Want to understand why Gareth morgan's TOP didn't work? Take a look at the world of professional wrestling. AKA Too woke for talkback town, too talkback for woke town.

The party is over. The Opportunities Party, that is. TOP has written to the Electoral Commissin requesting it be de-registered. It's quest for the dominance of evidence-based policy is done and dusted.

Founder Gareth Morgan blames the public. "What makes the New Zealand voter tick is clear," Morgan says - and he doesn't think it speaks well of them. They failed him and, by not electing TOP to Parliament, demonstrated indifference to policy brilliance.

In his statement giving up the ghost yesterday, he harrumphed, “The voting public demonstrated that best practice, evidence-informed policy is not of significant concern when deciding elections". 

Forgoing the indignity of trying to appeal to an undeserving electorate in 2020, Morgan and his troop of "political orphans" have shut up shop instead. Or, in the case of some, started exploring other vehicles with which to make the case for evidence-based politics.  

What lessons can we take from this ill-fated journey? Nothing too new, I'd argue. But there are some helpful reinforcements.

First, the five-per cent threshold ensures that being well-funded is not enough to get into Parliament.

Second, being famous will not secure sufficient votes to see you elected.

Third, the political media is not all that good at reading the electorate.

In professional wrestling, promoters will "push" a wrestler onto the fans. This involves booking the performer in more, higher profile matches. Whether hero or villain, a successful push makes the difference between whether you're a fading up-and-comer and the next WWE Superstar.

TOP and its leader were the beneficiaries of a big push last year. He was constantly in the news (often, but not always, playing the heel). Despite poor polling and the absence of a viable path into Parliament, TOP's chances were repeatedly talked up.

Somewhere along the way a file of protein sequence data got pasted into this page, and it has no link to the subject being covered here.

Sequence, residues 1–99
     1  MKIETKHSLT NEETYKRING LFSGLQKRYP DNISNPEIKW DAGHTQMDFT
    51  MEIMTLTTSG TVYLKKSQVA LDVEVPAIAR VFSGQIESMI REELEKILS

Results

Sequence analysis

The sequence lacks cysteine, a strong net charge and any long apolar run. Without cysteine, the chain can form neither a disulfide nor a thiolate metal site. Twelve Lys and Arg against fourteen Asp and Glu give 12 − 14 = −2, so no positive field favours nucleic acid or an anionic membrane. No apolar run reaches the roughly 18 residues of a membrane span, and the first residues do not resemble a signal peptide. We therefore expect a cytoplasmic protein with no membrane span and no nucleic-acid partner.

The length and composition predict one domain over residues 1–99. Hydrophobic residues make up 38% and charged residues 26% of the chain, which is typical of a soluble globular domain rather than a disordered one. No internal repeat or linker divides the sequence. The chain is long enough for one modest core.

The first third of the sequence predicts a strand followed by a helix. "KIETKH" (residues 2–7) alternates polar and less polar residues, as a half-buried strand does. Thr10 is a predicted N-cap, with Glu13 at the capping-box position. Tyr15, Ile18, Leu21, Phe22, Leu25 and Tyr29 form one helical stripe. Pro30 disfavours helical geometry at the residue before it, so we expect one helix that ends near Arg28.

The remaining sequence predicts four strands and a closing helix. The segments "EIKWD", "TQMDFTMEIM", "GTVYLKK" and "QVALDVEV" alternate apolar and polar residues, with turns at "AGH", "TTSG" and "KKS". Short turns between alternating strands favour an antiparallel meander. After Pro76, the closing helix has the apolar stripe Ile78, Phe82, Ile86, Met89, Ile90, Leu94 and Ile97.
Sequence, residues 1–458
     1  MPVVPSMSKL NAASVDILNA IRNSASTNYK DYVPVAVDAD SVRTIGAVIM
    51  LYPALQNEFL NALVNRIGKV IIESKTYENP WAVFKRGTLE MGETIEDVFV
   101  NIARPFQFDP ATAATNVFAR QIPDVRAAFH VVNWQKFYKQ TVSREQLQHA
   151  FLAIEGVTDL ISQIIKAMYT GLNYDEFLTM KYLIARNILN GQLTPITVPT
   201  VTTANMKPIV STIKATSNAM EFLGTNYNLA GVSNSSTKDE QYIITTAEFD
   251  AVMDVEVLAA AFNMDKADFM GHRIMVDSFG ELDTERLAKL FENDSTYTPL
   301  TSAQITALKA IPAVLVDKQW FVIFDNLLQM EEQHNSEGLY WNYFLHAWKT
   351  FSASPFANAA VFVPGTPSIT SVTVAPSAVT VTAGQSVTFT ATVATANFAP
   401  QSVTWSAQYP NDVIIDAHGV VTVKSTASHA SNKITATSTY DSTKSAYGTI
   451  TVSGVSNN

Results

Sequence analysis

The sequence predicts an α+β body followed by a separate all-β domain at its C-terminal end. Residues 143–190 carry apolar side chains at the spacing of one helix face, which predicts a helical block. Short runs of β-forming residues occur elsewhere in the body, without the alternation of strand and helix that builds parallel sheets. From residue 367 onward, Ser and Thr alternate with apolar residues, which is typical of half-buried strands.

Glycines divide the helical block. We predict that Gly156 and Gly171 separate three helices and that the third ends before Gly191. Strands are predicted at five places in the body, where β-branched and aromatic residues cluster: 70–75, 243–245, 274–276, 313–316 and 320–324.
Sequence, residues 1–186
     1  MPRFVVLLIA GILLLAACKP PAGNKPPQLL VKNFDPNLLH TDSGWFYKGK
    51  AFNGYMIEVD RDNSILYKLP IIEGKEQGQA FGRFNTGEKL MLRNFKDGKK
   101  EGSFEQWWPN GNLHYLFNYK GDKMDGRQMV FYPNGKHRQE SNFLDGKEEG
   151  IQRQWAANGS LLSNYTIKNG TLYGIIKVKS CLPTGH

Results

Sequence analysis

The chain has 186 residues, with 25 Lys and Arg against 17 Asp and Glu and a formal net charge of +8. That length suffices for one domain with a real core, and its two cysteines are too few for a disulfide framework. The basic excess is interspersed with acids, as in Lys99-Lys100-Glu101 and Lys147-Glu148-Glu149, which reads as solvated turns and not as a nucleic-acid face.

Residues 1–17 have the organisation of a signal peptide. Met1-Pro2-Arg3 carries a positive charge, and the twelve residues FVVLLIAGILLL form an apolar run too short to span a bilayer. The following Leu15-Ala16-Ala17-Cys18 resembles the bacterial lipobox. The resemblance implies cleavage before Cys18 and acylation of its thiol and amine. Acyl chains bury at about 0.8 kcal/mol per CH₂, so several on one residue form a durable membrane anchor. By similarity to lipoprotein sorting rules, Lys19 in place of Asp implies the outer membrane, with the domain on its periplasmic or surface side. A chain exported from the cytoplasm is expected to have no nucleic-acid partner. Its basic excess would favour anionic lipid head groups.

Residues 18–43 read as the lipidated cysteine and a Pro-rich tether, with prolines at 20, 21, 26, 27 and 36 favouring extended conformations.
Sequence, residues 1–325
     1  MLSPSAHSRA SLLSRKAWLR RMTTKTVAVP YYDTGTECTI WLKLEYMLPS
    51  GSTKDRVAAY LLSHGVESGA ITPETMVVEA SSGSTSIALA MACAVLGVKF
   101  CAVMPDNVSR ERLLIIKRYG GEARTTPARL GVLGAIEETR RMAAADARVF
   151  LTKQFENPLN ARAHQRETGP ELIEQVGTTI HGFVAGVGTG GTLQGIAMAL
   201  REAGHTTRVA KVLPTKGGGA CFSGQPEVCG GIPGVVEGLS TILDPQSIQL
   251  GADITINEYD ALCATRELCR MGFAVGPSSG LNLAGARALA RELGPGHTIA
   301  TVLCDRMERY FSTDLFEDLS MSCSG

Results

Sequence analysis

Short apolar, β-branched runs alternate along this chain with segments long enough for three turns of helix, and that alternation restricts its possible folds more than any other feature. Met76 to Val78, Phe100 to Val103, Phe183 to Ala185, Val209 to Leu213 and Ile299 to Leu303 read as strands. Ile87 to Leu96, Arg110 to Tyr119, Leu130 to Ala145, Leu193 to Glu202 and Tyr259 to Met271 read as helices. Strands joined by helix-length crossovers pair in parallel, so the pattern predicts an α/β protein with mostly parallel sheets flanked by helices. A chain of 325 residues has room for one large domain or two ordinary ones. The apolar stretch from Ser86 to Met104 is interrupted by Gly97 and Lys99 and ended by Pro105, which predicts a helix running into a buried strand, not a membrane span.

It was not uncommon to hear the opinion that there was a place in New Zealand politics for a bad-boy, evidence-based party. What was constantly overlooked was that these comments usually came from people who would be voting for Labour or the Greens. Those willing to give TOP the benefit of the doubt were rarely willing to give it the benefit of its vote.

And, really, this outcome was clear from the start. What was TOP's constituency? Where was its power base?

It was a populist movement whose leader displayed disdain for the stupidity of common voters. It was an anti-establishment party that was going to rise up against the entrenched way of doing things from its base in, er, bureaucratic Wellington. It railed against personality driven politics while earning free media on the basis of celebrity.

The muddled waywardness of TOP was there at its inception. Immediately following his announcement of the party, Morgan compared himself to Donald Trump. Then he took that back and said distanced himself from Trump. Finally, he said he was a bit like Trump.

This was all at the same press conference, by the way.

All of that may have been interesting to people addicted to what passes for the high drama of politics in our quiet corner of the world. But nobody else really cared - which is kind of important in an election.

Thus passes the worldly glory of The Opportunities Party.

Comments (6)

by Dennis Frank on July 11, 2018